Democracy at the workplace has a number of benefits, but over all, it is linked to human dignity. 

The trade unions exist to safeguard basic human rights. Workers are not machines. They are human beings and citizens, with their rights and freedoms. In a democracy, this means that the workers have a right to be heard and to be involved in decision making – even at work.  

A recent study that was published in the last few weeks analysed those European countries and workers who enjoyed democracy at the workplace – both through representation and direct involvement in decision making – and compared the results to those obtained from places where workers’ voices are not held. It turns out that democracy at the place of work brings about a number of benefits to the worker, society and the workplaces themselves. 

First of all, workers who have a strong voice at the workplace are likely to be active citizens because they show interest in what is happening around them. Work is not only the source of many democratic changes; it also maintains the system by stimulating interest in politics and allowing workers to experience democratic processes at their workplace of a union.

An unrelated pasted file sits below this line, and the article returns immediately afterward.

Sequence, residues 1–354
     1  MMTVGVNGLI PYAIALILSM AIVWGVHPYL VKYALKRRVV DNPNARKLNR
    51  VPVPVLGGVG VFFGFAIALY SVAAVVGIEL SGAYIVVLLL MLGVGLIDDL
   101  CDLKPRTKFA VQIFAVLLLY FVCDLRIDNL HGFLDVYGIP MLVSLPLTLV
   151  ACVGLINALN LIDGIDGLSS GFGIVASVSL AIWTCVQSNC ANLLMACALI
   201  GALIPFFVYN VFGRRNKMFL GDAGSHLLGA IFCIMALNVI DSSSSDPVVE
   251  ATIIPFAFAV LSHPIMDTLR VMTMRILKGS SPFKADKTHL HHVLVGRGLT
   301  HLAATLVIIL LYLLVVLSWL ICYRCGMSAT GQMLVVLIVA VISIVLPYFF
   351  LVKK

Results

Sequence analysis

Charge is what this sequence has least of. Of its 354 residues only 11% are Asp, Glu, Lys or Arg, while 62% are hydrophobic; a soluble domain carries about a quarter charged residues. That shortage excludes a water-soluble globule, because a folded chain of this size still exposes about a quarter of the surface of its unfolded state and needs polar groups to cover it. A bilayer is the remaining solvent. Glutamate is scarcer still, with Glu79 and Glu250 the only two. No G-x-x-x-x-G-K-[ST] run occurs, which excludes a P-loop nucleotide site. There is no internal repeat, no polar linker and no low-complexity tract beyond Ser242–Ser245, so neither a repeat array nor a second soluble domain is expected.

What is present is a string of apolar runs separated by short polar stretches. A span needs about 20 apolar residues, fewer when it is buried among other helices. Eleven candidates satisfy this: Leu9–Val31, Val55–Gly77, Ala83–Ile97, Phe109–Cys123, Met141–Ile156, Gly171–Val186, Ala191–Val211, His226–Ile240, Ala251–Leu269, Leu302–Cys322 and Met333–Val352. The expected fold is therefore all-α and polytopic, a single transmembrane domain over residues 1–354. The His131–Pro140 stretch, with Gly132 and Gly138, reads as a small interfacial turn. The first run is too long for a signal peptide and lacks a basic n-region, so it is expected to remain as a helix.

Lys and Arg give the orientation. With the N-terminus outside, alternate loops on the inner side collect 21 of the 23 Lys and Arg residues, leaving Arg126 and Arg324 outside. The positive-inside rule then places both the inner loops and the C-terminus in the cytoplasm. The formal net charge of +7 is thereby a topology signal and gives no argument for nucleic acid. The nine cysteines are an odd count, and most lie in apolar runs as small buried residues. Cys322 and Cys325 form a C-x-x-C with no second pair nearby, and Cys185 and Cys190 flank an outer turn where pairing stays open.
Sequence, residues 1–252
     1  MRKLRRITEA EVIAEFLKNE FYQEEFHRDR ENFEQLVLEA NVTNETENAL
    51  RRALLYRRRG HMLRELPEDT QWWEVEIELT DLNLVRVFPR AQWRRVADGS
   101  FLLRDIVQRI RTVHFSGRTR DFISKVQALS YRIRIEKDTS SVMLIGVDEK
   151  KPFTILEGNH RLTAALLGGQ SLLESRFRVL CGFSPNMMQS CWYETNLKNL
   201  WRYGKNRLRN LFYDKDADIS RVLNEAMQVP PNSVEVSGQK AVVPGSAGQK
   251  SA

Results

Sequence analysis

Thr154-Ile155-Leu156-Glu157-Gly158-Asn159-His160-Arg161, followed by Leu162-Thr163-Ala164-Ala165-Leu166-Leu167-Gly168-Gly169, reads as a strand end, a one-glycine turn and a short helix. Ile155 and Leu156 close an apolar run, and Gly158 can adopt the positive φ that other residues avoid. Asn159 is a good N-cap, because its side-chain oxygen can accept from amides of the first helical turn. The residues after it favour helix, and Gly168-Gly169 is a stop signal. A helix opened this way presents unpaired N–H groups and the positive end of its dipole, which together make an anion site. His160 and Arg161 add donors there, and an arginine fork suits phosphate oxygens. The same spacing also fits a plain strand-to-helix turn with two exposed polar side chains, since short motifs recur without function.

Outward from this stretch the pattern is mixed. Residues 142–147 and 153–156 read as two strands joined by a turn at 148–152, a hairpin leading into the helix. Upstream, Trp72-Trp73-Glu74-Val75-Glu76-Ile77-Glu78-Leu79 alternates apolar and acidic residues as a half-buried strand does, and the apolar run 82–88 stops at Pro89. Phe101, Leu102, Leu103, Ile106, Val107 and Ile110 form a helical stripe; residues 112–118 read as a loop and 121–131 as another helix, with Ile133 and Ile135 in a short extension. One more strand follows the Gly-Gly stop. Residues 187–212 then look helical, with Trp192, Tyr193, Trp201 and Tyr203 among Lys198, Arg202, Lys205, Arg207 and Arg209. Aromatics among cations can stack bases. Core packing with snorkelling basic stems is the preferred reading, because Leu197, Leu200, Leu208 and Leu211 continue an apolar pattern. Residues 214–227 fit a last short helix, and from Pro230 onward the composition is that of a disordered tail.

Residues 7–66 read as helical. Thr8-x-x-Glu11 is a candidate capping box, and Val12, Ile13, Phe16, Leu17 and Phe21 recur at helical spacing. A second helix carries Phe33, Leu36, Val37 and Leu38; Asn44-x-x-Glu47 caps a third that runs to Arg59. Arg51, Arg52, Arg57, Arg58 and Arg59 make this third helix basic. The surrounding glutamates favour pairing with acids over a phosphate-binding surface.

There’s more. Countries with a strong democracy at the place of work have more productive economies and high rates of employment and are also more innovative. The argument that if workers are given a voice the economy is stifled has no basis. 

More importantly, countries with a strong democracy at the workplace are also more equal. Inequality is recognised as an important threat to democracy. Employees who have a strong voice at work are, on average, considered to be happier with their lives than their colleagues whose voice is not so strong. 


Democracy at the place of work makes management more accountable and provides a push towards more equal treatment of workers. The result is that such workplaces are likely to consider raising salaries and taking environmental issues, social issues and other issues into account. 

All in all, democracy at the place of work stimulates workplaces to take a wider perspective. In the process, workers are emancipated, which benefits their belief in and contribution to democracy.